And executed over our running example, it might then look something like this:

Figure 4-11. Session windows bounded to three minutes in length.

Note how the large session with value 36 that spanned [12:00.26, 12:05.20), or nearly five minutes of time, in the unbounded sessions implementation from Figure 2-7 now ends up broken apart into two shorter sessions of length 2 minutes and 2 minutes 53 seconds.

Given how few systems provide custom windowing support today, it’s worth pointing out how much more effort would be required to implement such a thing using a system that only supported an unbounded sessions implementation. Your only real recourse would be to write code downstream of the session grouping logic which looked at the generated sessions and chopped them up if they exceed the length limit. This would require the ability to decompose a session after the fact, which would obviate the benefits of incremental aggregation (something we’ll look at in more detail in Chapter 7: State & Timers), increasing cost. It would also eliminate any spam protection benefits one might hope to gain by limiting session lengths, since the sessions would first need to grow to their full sizes before being chopped or truncated.

Given how few systems provide custom windowing support today, it’s worth pointing out how much more effort would be required to implement such a thing using a system that only supported an unbounded sessions implementation. Your only real recourse would be to write code downstream of the session grouping logic which looked at the generated sessions and chopped them up if they exceed the length limit. This would require the ability to decompose a session after the fact, which would obviate the benefits of incremental aggregation (something we’ll look at in more detail in Chapter 7: State & Timers), increasing cost. It would also eliminate any spam protection benefits one might hope to gain by limiting session lengths, since the sessions would first need to grow to their full sizes before being chopped or truncated.

One size does not fit all

We’ve now looked at three real-world use cases, each of which was a subtle variation on the stock types of windowing typically provided by data processing systems: unaligned fixed windows, per-element fixed windows, and bounded sessions. In all three cases, we saw how simple it was to support those use cases via custom windowing, and how much more difficult (or expensive) it would be to support those use cases without it. Though custom windowing doesn’t see broad support across the industry as yet, it’s a feature which provides much needed flexibility for balancing tradeoffs when building data processing pipelines that need to handle complex, real-world use cases over massive amounts of data as efficiently as possible.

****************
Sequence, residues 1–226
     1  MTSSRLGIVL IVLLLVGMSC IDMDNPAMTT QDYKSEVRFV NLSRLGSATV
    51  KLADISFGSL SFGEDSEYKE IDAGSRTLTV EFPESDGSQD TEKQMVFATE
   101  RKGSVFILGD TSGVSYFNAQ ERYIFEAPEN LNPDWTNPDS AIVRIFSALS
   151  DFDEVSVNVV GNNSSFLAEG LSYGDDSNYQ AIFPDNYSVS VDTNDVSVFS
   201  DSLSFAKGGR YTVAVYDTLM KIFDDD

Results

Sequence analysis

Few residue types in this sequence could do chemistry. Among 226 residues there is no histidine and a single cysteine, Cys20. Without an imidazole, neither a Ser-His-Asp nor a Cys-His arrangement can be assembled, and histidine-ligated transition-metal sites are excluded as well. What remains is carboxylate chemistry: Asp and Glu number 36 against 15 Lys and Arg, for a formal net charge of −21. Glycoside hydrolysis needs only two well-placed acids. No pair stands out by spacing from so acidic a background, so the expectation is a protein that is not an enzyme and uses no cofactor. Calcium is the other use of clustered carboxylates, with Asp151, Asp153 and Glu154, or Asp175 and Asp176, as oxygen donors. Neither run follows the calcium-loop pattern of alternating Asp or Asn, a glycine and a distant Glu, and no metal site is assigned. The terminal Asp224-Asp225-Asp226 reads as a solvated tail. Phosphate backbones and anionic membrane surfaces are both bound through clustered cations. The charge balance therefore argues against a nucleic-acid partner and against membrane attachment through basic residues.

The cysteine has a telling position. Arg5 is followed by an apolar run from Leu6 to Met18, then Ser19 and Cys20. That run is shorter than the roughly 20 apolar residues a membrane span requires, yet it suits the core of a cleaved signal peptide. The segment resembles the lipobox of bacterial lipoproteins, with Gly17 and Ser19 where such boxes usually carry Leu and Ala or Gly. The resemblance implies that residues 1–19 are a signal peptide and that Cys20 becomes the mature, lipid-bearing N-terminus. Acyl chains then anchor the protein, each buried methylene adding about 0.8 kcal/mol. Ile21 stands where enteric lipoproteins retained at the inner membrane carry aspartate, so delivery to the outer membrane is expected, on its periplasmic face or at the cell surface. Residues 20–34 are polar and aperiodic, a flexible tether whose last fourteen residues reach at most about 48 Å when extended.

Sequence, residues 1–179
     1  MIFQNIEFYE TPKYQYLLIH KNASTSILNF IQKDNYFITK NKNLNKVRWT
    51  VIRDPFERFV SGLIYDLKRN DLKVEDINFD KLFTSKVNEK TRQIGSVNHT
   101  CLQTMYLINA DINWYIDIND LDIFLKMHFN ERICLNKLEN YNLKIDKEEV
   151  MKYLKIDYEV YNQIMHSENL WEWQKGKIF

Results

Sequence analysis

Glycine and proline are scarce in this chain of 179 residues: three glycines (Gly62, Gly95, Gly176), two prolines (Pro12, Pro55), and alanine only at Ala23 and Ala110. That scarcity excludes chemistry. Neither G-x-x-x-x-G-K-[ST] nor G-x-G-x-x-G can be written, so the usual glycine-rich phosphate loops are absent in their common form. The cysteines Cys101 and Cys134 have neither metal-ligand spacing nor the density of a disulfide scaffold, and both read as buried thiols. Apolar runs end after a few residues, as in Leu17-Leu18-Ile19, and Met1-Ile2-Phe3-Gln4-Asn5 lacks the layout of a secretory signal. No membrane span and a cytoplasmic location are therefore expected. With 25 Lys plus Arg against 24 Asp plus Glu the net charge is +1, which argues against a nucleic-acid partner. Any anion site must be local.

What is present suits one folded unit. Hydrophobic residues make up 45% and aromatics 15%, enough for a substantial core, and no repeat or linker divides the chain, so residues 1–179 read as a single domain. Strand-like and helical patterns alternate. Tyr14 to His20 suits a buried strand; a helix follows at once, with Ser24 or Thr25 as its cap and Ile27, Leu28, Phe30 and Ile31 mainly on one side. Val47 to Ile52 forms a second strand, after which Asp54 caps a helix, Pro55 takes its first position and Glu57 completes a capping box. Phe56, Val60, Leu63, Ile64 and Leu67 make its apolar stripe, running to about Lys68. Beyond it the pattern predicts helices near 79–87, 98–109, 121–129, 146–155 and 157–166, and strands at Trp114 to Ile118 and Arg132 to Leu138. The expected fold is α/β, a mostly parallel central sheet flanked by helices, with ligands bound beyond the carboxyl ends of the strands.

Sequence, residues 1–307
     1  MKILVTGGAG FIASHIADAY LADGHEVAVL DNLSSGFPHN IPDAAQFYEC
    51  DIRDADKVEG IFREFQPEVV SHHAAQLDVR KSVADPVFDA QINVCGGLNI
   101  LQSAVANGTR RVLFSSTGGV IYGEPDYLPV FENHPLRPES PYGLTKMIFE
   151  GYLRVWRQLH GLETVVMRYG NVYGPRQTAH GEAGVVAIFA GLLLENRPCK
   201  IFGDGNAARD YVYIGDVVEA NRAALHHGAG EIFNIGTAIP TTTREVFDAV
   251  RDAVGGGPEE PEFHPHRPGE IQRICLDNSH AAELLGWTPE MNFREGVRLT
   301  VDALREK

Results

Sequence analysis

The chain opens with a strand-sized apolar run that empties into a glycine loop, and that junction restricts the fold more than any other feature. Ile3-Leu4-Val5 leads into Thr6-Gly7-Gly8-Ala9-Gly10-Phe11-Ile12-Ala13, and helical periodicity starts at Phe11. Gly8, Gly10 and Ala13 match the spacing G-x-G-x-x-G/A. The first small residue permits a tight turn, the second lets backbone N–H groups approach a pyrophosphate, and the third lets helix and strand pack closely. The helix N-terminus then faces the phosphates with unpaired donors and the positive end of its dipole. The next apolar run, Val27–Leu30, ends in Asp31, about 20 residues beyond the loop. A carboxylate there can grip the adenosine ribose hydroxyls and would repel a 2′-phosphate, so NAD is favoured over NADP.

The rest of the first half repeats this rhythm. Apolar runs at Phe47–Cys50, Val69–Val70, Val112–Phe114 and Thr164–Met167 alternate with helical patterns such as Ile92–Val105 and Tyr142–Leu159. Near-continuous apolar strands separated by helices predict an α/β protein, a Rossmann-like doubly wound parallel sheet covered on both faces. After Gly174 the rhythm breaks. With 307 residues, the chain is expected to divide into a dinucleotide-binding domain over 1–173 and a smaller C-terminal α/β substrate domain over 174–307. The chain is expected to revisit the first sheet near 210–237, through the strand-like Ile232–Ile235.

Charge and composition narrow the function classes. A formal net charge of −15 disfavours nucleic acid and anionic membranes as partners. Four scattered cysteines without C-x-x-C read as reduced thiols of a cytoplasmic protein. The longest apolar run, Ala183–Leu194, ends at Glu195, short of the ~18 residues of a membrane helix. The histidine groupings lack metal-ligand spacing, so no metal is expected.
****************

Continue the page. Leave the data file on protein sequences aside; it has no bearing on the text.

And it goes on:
Summary

Advanced windowing is a complex and varied topic. In this chapter, we’ve covered three advanced concepts:

  • Processing-time windows, seeing how it relates to event-time windowing, calling out the places where it’s inherently useful, and most importantly identifying those where it’s not by specifically highlighting the stability of results that event time windowing affords us.

  • Session windows, getting our first introduction to the dynamic class of merging window strategies, and seeing just how much heavy lifting the system does for us in providing such a powerful construct that one can simply drop into place.

  • Custom windows, where we looked at three real-world examples of custom windows that are difficult or impossible to achieve in systems which only provide a static set of stock windowing strategies, but relatively trivial to implement in a system with custom windowing support:

    • Unaligned fixed windows, which provide a more even distribution of outputs over time when using a watermark trigger in conjunction with fixed windows.

    • Per-element fixed windows, which provide the flexibility to dynamically choose the size of fixed window per-element (e.g., to provide customizable per-user or per-ad-campaign window sizes), for greater customization of the pipeline semantics to the use case at hand.

    • Bounded session windows, which limit how large a given session may grow, for example to counteract spam attempts, or to place a bound on the latency for completed sessions being materialized by the pipeline.

After deep diving through watermarks in Chapter 3 with Slava and taking a broad survey of advanced windowing here, we’ve now gone well beyond the basics of robust stream processing in multiple dimensions. With that, we conclude our focus on the Beam Model, thus Part I of the book.

Up next is Reuven’s Chapter 5 on consistency guarantees, exactly-once processing, and side effects, after which we’ll begin our journey into Part II: Streams & Tables with Chapter 6.

1 As far as I know, Apache Flink is the only other system to support custom windowing to the extent that Beam does. And to be fair, their support extends even beyond that of Beam’s, thanks to the ability to provide a custom window evictor. Head asplode.

2 And I’m not actually aware of any such systems at this time.

3 This naturally implies the use of keyed data, but since windowing is intrinsically tied to grouping by key anyway, that restriction isn’t particularly burdensome.

4 And it’s not critical that the element itself know the window size; you could just as easily lookup and cache the appropriate window size for whatever the desired dimension is, e.g. per-user.